Improve Your People-Reading Skills

Give Yourself Time

As I’ve indicated in previous posts, your ability to understand what others are thinking, feeling, and trying to accomplish in a particular situation gets more accurate when you give it more time.

The Sum is Greater Than the Parts

It’s rare than a single facial expression, choice of words, action, body language posture or movement, or any other clue tells the whole story about a person’s thoughts, feelings, and motivations. You’ll get a more accurate picture by piecing together a great many such clues gathered over a relatively long period of time.

Stay Flexible

Even after you’ve done all this and reached a conclusion about what another person is thinking, feeling, and trying to achieve, don’t get locked in. You could still be wrong. The other person could change. The situation could develop.

  • Replacing any “irreversible pronouncements” you might be tempted to make with tentative ideas and mild suggestions.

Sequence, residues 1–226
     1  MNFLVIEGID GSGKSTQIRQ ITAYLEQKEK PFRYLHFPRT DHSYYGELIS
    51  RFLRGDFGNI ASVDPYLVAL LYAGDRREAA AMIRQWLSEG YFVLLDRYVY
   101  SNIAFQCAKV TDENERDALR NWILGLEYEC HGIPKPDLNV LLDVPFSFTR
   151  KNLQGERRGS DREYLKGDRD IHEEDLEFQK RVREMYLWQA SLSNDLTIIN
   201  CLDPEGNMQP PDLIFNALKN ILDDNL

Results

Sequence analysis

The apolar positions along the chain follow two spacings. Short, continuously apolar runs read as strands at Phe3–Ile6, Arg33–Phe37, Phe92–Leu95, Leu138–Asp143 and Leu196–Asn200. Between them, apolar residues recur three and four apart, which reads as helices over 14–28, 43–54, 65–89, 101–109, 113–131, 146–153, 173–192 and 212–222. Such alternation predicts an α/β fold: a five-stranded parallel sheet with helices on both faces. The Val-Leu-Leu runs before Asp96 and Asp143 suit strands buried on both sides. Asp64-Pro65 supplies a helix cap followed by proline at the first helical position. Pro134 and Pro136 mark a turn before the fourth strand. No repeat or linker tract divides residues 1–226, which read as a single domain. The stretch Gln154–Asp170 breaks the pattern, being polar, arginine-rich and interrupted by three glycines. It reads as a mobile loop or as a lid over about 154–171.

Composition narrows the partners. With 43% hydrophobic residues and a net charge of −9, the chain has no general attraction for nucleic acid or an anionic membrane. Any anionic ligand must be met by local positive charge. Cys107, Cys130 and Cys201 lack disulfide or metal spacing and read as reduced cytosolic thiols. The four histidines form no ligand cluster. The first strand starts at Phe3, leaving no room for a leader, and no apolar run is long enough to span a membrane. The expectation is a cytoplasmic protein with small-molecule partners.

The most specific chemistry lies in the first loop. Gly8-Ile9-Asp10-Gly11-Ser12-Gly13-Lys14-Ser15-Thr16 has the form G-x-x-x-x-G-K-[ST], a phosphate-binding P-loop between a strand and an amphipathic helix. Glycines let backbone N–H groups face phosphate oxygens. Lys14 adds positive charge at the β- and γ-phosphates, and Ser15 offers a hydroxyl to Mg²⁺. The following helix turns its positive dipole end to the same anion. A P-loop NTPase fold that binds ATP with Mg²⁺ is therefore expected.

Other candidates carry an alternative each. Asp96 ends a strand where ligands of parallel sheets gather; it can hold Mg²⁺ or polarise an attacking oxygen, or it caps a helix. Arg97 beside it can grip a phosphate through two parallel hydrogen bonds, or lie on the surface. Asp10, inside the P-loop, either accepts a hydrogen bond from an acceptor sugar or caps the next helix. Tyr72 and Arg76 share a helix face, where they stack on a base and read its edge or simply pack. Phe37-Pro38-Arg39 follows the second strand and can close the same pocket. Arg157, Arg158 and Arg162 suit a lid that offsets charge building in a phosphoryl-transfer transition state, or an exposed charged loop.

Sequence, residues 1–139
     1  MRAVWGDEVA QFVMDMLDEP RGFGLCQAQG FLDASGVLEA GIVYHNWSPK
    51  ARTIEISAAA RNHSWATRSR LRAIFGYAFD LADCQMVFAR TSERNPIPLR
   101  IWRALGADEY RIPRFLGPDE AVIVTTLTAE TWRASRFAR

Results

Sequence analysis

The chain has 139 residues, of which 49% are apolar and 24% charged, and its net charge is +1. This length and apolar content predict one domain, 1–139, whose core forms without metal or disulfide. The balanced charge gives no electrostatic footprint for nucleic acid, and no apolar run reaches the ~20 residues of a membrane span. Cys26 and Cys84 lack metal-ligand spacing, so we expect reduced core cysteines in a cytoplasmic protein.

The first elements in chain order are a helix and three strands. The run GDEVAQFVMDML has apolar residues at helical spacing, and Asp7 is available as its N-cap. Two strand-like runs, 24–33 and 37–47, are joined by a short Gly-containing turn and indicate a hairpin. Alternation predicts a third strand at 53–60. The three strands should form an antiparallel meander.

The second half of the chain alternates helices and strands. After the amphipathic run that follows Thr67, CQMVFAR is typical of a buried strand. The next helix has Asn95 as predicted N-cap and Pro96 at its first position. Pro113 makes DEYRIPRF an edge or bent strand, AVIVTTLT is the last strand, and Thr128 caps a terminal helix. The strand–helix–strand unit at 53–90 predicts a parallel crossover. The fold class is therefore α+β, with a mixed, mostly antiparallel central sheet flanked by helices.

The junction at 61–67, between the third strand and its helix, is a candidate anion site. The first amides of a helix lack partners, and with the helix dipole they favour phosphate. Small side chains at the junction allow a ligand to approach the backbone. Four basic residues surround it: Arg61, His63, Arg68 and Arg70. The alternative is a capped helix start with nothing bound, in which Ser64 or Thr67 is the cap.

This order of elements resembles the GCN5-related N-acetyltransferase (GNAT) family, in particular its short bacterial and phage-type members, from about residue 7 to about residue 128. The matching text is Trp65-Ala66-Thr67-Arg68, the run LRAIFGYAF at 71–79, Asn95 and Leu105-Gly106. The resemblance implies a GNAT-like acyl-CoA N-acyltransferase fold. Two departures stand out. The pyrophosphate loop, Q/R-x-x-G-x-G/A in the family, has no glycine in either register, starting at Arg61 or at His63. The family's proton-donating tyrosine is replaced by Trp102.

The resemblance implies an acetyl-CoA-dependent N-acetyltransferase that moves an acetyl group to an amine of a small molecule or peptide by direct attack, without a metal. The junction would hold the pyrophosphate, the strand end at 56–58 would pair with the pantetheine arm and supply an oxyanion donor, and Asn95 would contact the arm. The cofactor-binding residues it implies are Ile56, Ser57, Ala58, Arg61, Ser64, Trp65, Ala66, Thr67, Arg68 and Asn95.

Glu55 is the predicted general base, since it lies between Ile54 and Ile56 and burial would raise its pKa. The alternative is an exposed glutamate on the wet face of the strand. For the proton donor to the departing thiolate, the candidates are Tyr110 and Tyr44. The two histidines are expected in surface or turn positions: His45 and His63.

• Including other people’s reactions to your ideas and suggestions as additional information on which to base more accurate readings.
  • Continuing to observe and correlate new impressions with earlier ones.

Watch Yourself

You can greatly improve the accuracy of your people-reading by taking your own biases into consideration.

  • Certain behaviors in men are often considered signs of “confidence” and “leadership qualities,” while in women they are taken as signs of “bossiness” or unwanted “manipulation;”
  • Open emotionality and deep empathy is readily accepted from women, but often questioned when exhibited by men.

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Robert Moskowitz

Robert Moskowitz

Robert Moskowitz is a successful, award-winning writer and consultant, and the author of “How to Organize Your Work and Your Life.”